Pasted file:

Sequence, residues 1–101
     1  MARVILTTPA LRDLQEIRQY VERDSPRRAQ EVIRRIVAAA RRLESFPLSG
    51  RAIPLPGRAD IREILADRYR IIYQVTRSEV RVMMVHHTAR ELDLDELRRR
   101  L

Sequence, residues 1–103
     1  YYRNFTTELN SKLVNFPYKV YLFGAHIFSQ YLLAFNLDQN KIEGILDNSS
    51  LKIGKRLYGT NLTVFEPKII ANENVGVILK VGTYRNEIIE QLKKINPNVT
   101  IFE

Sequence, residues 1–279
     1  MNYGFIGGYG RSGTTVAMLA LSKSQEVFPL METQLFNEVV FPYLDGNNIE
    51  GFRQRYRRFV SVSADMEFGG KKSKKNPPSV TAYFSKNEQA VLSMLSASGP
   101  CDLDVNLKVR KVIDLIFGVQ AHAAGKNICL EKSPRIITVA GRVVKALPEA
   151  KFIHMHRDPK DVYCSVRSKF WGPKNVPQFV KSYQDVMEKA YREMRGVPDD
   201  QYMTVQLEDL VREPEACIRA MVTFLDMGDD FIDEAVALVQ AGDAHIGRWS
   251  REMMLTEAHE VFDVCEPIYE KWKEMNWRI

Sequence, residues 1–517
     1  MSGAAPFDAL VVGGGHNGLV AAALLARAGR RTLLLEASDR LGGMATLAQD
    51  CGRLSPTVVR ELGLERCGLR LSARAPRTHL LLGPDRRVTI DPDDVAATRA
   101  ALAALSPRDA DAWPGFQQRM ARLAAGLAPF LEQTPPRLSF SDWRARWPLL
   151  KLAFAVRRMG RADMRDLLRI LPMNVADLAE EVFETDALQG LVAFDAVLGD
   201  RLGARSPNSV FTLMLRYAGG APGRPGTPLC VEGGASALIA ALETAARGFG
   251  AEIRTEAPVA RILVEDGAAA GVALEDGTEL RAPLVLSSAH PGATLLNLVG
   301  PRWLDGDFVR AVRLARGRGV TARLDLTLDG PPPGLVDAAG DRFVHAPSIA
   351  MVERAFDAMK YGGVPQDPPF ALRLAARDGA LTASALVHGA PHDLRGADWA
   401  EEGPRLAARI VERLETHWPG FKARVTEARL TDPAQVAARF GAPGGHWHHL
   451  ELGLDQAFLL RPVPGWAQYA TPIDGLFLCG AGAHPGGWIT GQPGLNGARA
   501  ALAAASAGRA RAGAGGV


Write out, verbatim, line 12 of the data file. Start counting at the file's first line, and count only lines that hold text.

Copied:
   101  CDLDVNLKVR KVIDLIFGVQ AHAAGKNICL EKSPRIITVA GRVVKALPEA